I banish the dreadful thought that Cuba could become like her Latin American neighbors, that these kids would wash the cars of the punters instead of schooling, and these gorgeous girls would give themselves away not for love but for money. But Havana remained steadfast after the collapse of Moscow, Berlin and Warsaw in early nineties. Until then, the Soviet Russia was Cuba’s main treasurer, supplying the island with fuel and technical equipment, buying her sugar and guaranteeing a certain minimal living standard for the rebel republic. Moscow’s pro-Western coup d’etat of 1991 put an end to all that. The victorious nomenclature convinced the people, that the Russians would live as good as the Swiss, provided they cut off the Cuba aid. Cuba was the reliable ally and the outpost of socialism on the American continent. Yeltsin’s Russia did not need outposts. To the hearty approval of New York Times, Moscow turned the valve off.
Cuba was left without fuel, its Soviet-made technology rusted without spare parts. The US embargo turned into an Iraq-style siege. Cuba could not sell its sugar. Official Washington counted the days before Havana’s collapse. Radio Marti broadcasting from Miami promised the Cubans a rosy future, if they would only surrender. Cubans switched to fried bananas and rice, water and electricity were in short supply, important projects were frozen. In such circumstances, the elites of poor countries leave their poor to their own fate, rob the state treasury and run to Geneva.
The Cuban elite, the barbudos, proved to be different. These are the men and women who had repulsed the CIA-trained mercenaries at Playa Giron, smashed the South-African armour in Angola, and did not flinch in the face of nuclear threat. And they still remain with their people, despite the temptation to cross over to the victorious side. Like a big family, all Cubans became poor, but did not lose their dignity. They remained poor, but equal. Poor but proud. They shared their rice and smiled. They withstood the temptation where everybody else failed.
For a visitor from a land, where the difference between the poor Deheishe and rich Ramat Aviv is bigger than the gap between Upper East Side and Upper Volta, it was a lesson in humility. I discovered the country where children do not beg, where there are no homeless, where everybody has access to health care and education. Incidentally, it is the country without a class of noveau riche adorned with golden trinkets, without yuppies in flashy Mercedes cars and without overpaid generals and greedy thugs.
There is a reason for the current upsurge of interest to Cuba. A new wind is blowing in the world. The decade of neo-liberal ascendancy is over. It was an awful decade, though Tom Friedman would tell you otherwise. It started with the collapse of Soviet Union and with destruction of Iraq. It continued with Oslo treaty, establishing apartheid in Palestine, and bombardment of Serbia. In America, democracy was pushed aside in favour of corporate rule behind a flimsy veil of irrelevant elections for figurehead puppets.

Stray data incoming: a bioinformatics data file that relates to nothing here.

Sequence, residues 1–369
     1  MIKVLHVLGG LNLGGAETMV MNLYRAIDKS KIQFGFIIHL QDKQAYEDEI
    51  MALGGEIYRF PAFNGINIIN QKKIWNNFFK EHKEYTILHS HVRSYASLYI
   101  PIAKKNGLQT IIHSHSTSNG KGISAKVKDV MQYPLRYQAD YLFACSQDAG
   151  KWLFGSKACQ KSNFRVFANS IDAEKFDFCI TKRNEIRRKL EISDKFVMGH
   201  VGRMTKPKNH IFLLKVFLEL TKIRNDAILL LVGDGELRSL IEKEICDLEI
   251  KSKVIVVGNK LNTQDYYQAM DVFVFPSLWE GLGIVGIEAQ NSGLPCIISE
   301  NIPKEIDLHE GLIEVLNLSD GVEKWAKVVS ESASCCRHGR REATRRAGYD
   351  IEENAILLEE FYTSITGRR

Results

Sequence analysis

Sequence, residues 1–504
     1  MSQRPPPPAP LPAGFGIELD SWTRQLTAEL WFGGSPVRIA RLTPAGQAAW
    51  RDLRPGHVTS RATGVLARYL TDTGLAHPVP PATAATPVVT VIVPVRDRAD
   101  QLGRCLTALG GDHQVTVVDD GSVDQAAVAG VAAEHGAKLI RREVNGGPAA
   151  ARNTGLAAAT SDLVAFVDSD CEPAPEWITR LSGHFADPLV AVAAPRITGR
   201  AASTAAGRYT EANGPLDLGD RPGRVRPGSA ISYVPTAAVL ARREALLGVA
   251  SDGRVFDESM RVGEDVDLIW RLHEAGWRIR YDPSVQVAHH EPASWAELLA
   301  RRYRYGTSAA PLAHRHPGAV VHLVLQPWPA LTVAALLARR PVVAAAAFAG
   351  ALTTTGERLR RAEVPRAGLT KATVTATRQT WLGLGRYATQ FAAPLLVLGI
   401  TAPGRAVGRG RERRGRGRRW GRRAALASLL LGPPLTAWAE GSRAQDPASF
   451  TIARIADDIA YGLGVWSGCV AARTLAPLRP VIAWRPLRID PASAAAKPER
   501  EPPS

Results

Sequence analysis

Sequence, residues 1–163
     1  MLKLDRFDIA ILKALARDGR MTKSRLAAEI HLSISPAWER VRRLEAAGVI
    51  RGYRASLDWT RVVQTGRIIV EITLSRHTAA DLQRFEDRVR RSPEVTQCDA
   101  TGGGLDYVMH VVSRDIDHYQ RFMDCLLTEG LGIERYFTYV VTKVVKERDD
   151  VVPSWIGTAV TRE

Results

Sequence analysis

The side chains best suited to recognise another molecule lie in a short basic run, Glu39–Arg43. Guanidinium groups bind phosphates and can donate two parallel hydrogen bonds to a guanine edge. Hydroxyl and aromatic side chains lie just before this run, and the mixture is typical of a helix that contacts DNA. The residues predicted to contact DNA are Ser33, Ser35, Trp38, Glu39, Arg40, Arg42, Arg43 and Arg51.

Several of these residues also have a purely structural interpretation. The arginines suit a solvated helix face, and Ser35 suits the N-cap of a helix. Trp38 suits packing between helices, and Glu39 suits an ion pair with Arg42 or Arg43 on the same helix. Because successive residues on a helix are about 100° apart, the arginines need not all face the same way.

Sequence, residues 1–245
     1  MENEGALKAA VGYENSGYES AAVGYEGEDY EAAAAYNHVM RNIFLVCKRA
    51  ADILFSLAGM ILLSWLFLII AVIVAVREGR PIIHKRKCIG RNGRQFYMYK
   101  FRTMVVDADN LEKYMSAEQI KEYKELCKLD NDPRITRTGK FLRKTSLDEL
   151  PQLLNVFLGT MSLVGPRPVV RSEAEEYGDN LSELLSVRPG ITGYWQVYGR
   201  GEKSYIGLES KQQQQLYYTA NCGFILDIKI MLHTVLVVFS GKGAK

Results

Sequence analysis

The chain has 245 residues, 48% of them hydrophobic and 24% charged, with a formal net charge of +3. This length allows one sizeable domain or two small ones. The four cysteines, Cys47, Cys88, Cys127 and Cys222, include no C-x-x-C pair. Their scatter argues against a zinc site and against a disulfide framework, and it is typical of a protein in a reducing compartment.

The mainstream American press became as servile to the new rulers as Brezhnev’s Pravda. Not a word can be heard on behalf of the weak and defeated, be it Palestinians or Iraqis, Cubans or Haitians or America’s own exhausted and overworked labor force. The incredible fusion of the power of the media and entertainment industries projected Beverley Hills fantasies to a world that has seen its poor grow poorer, while the rich became fabulously rich. We now inhabit a planet where the difference between the poorest and richest strata in the social order rivals the disparities in the ancient Roman Empire. The high life of rich bankers and their coterie has been paid for by the desperate poverty of untold millions.
If we keep up at this pace, the gulf between rich and poor will certainly expand and we will leave to our children, a world of homeless, rootless, migrant workers, and the super-rich and their bodyguards. As has happened previously in history, the dark forces are bound to overreach. The market economy wet dream ended with the Seattle bang. People found their voice in the Web, while Seattle and Prague proved that the West is not spiritually dead. The siege of Iraq is slowly eroding and the mean spirit of Madeleine Albright has departed. As Churchill said after al-Alamein, it is not the beginning of the end, but the end of the beginning.
As I walk the past the jolly cafes of Montparnasse, I find myself drifting back to my memories of the rhythm of Cuban life and miss them badly. Where are you, my green lizard with eyes of wet stone?..
(Mr. Israel Shamir, is one of best-known and most respected Russian Israeli writer and journalist. He wrote for Haaretz, BBC, Pravda and translated Agnon, Joyce and Homer into Russian. He lives in Tel Aviv and writes a weekly column in the Vesti, the biggest Russian-language paper in Israel.)